Archive for Money and Banking

Mr. Bitcoin

Antony — April 19, 2013

Cyprus and Bitcoin

Antony — April 5, 2013

Some social commentary on Cyprus, European politics, banker bailouts, and Bitcoin… in song form:

Is It Time To Be Worried About Privacy?

Dave Killion — September 30, 2012

I have never been anxious concerning privacy, despite repeated cautions in the media. Like many, I shrug off warnings because I don’t think I have much worth hiding, and neither I nor anyone I know has fallen victim to any kind of identity theft. Still, there are enough stories that I’m sure it’s just a matter of time before something strikes close enough to home that it will overcome my laziness and denial. But even a lazy denialist might find this Belgian commercial persuasive –


Canadian Currency Design Fiasco Reveals How Government Encourages Conflict

Dave Killion — August 21, 2012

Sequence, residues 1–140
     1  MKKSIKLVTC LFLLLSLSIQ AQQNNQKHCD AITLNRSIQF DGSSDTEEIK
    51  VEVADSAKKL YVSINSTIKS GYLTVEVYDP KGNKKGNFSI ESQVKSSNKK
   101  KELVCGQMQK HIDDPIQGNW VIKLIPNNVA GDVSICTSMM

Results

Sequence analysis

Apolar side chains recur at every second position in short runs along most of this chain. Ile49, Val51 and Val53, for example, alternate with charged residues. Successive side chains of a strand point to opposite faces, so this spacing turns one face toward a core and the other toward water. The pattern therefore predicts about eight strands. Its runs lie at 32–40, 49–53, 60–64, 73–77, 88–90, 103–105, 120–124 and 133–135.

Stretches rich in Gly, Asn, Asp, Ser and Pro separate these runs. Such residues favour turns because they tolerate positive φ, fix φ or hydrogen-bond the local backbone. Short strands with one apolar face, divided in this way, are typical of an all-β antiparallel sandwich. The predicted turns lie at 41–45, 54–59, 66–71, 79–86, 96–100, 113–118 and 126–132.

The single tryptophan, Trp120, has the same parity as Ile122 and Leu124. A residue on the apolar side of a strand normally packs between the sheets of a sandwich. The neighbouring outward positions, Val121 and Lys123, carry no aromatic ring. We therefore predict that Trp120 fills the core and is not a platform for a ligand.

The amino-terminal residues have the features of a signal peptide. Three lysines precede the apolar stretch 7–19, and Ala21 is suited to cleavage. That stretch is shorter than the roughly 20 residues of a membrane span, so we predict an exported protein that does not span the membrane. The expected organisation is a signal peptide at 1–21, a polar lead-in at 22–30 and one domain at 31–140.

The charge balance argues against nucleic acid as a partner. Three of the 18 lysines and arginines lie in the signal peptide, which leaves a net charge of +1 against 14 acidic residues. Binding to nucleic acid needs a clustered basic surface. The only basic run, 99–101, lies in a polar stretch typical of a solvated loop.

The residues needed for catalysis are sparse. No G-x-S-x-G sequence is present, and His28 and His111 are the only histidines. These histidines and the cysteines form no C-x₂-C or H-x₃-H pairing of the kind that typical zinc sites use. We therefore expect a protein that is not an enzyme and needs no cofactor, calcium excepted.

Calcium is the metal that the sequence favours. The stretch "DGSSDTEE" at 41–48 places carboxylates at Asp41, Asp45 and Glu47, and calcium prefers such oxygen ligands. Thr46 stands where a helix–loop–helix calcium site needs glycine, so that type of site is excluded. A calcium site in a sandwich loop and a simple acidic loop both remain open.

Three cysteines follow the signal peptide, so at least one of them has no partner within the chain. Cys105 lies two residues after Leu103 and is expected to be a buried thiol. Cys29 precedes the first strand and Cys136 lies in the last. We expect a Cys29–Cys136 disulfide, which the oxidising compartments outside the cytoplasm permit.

When designing Canada’s new (polymer) $100 bill, the Bank of Canada initially used a Photoshopped image of a South Asian woman to decorate the bill. The new design was shown to several focus groups, some of whom ‘expressed concern’ over the image. The bank responded by switching to a Caucasian woman. Word gets out. Hilarity ensues

“Bank of Canada governor Mark Carney apologized Monday for the way the image of an Asian woman was removed from the initial design for new $100 banknotes, promising to review the bank’s internal processes.

“I apologize to those who were offended – the Bank’s handling of the issue did not meet the standards Canadians justifiably expect of us,” Carney said in a statement. “Our banknotes belong to all Canadians, and the work we do at the bank is for all Canadians.”

Because so many government goodies are doled out based on status (and there are only so many goodies to go ’round, even for the state), special interests have to compete fiercely to achieve, maintain, and grow their presence. This means no slight, however insignificant it may be, can be ignored. I don’t know for sure what other concerns were voiced by those focus groups, but I’m pretty confident that not only was the new design considered by some to be too racial, others found to be either sexist, ageist, elitist, or offensive to someone’s delicate sensibilities.